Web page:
We can excuse Howard Schultz if he’s feeling a little like Michael Corleone these days: “Just when I thought I was out, they pull me back in!” The difference, other than the obvious, is that Schultz seems to be the one doing the pulling. This week he returned for his third term as CEO of Starbucks, the company he built from a handful of coffee shops to one of the largest, most iconic and downright ubiquitous hospitality chains in the world. More than 32,000 locations, compared to 24,000 KFCs and 18,000 Pizza Huts, though McDonalds beats them all with 37,000 places around the world.
If indeed Schultz’s return is all about making nice with the company’s 383,000 employees around the world, his stance on these unionization efforts will be the key to smoothing things over.
For Schultz, who replaces the “retiring” Kevin Johnson (who is 61 even as Schultz is seven years older at 68). It’s once more into the fray as the chain deals with a new set of issues that, presumably, the board believes only Schultz can fix. It’s the same pattern, albeit with different particulars, that brought Schultz back in 2008, seven years after he left his first CEO stint. While he’s being billed as a temporary fix this time around it’s worth noting that he stayed as head barista for nine years back then.
Schultz Redux…the First Time
Schultz returned the first time 14 years ago with the intention of “Reigniting the emotional attachment with customers.” That translated into resuscitating a watered-down customer experience following years of rapid expansion, increased competition from McDonald’s and a sense that the fabled Starbucks “Third Place” aura had lost some of its luster. Back then the company was moving more heavily into food, and I remember at the time that the aroma of coffee beans when you walked in had been replaced with the smell of grilled cheese.
Schultz got Starbucks back on the right track and returned the company to its fabled sweet spot with its customers, and nine years later he said all was good and turned the keys to the coffee machine over to, yes, Kevin Johnson, his number two at the time. And Johnson did a nice job, further expanding the chain, pleasing both Wall Street and Main Street at the same time, while Schultz went off on philanthropic endeavors, some book writing and even a brief stab at running for president. The stock price more than doubled since Johnson took over, at least until this year when it began a precipitous fall from a December 2021 high of $126 a share to the current $88.
This time the problems seemed to have a lot more to do with Starbucks employees than its customers. Some local unionization moves, coupled with the company’s botched reaction to it, created a real sense of unease that no number of decaf lattes could mellow out. There were also employee complaints about working conditions, especially during the pandemic when demand was high, but staffs were reduced.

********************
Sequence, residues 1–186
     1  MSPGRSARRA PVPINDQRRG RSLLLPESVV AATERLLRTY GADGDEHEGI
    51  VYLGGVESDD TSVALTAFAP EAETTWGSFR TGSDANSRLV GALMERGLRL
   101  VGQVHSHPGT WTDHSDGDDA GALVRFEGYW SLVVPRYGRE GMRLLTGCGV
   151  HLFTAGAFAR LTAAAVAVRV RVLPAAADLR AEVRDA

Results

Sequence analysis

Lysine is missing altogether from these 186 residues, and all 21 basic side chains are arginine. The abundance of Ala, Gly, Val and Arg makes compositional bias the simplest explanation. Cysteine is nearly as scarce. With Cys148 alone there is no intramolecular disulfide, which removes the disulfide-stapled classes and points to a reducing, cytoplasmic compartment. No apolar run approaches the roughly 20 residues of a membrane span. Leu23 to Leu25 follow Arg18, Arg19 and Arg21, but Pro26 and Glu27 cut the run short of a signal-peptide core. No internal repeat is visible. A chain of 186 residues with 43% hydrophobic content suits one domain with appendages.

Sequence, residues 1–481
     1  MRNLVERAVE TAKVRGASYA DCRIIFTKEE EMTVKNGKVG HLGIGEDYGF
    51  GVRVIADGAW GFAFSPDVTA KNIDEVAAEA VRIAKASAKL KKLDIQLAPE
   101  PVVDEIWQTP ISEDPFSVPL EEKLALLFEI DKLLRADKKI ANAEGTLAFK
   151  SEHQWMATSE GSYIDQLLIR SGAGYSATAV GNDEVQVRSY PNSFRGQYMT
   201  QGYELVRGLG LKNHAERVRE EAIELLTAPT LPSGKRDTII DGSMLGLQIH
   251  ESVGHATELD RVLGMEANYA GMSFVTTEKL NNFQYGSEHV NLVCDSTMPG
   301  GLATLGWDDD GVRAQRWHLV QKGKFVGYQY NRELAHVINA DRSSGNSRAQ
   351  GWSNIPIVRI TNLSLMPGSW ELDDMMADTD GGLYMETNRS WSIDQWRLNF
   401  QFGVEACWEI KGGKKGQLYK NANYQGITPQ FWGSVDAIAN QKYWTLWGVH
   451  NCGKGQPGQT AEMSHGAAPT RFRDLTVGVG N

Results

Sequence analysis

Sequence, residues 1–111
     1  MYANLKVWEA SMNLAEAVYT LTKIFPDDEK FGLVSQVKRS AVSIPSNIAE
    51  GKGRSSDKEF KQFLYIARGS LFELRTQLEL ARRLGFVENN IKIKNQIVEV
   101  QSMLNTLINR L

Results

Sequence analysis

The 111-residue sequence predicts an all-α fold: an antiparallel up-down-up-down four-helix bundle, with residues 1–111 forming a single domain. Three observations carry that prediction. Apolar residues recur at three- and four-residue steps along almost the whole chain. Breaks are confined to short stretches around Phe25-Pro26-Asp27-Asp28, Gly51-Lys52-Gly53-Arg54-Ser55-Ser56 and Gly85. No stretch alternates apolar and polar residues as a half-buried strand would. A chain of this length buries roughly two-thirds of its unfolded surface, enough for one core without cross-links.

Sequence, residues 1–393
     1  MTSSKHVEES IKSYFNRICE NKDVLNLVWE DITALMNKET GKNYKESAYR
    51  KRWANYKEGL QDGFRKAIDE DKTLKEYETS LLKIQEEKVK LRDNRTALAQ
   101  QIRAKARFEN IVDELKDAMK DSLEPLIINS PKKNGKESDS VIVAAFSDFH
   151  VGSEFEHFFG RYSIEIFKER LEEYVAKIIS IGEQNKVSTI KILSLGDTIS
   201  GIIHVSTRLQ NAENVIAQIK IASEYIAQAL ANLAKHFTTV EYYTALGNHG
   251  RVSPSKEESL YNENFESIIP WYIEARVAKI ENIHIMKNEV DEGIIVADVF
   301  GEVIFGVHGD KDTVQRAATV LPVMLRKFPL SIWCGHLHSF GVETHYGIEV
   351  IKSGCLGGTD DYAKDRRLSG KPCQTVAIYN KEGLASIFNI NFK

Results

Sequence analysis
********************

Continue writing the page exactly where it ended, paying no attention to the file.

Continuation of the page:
Enter…or re-enter Schultz. Even though no longer an officer of the company, he recently met with employees in the Buffalo area who were looking to organize. According to one person quoted in a New York Times report who was in attendance but unauthorized to speak, Schultz said he wasn’t anti-union but “pro-Starbucks.” Curiously – or perhaps tellingly – while some company execs were on hand for that meeting, CEO Johnson was not.
Nonetheless, Schultz’s position on unions is a little fuzzy. In a book he wrote some time ago about initial encounters with union efforts years ago, Schultz said: “I was convinced that under my leadership employees would come to realize that I would listen to their concerns. If they had faith in me and my motives, they wouldn’t need a union.”
Starbucks corporate position on unions is also somewhat murky. Soon after the change in CEO last week, Mellody Hobson, chairwoman of Starbucks, told CNBC that the company had “made some mistakes” in dealing with employee concerns. But at its annual meeting Hobson seemed to backtrack any comments that could be construed as pro-union (The company has not made Schultz or Johnson available for comment to media at this time.)
The Union Gap
If indeed Schultz’s return is all about making nice with the company’s 383,000 employees around the world, his stance on these unionization efforts will be the key to smoothing things over. Starbucks continues to put up solid performance numbers and has initiated a number of new strategies based around serving a post-Covid clientele that wants more drive-thru and pick-up-only locations as well as upgraded in-store equipment. Certainly, it’s in better financial shape than the last time Schultz came back.
But this time around the solutions may be much harder to define. Company culture is a tough thing to fix and so far, Wall Street has been underwhelmed with the news, not giving Starbucks the usual Return of the Protocol Son bump most companies get following this kind of change.
Schultz said it himself on his return: “Although I did not plan to return to Starbucks, I know the company must transform once again to meet a new and exciting future where all of our stakeholders mutually flourish.” The stakeholders are different this time around. His first return in 2008 was all about its customers. This time it seems to be about its employees. And that’s a different cup of coffee entirely.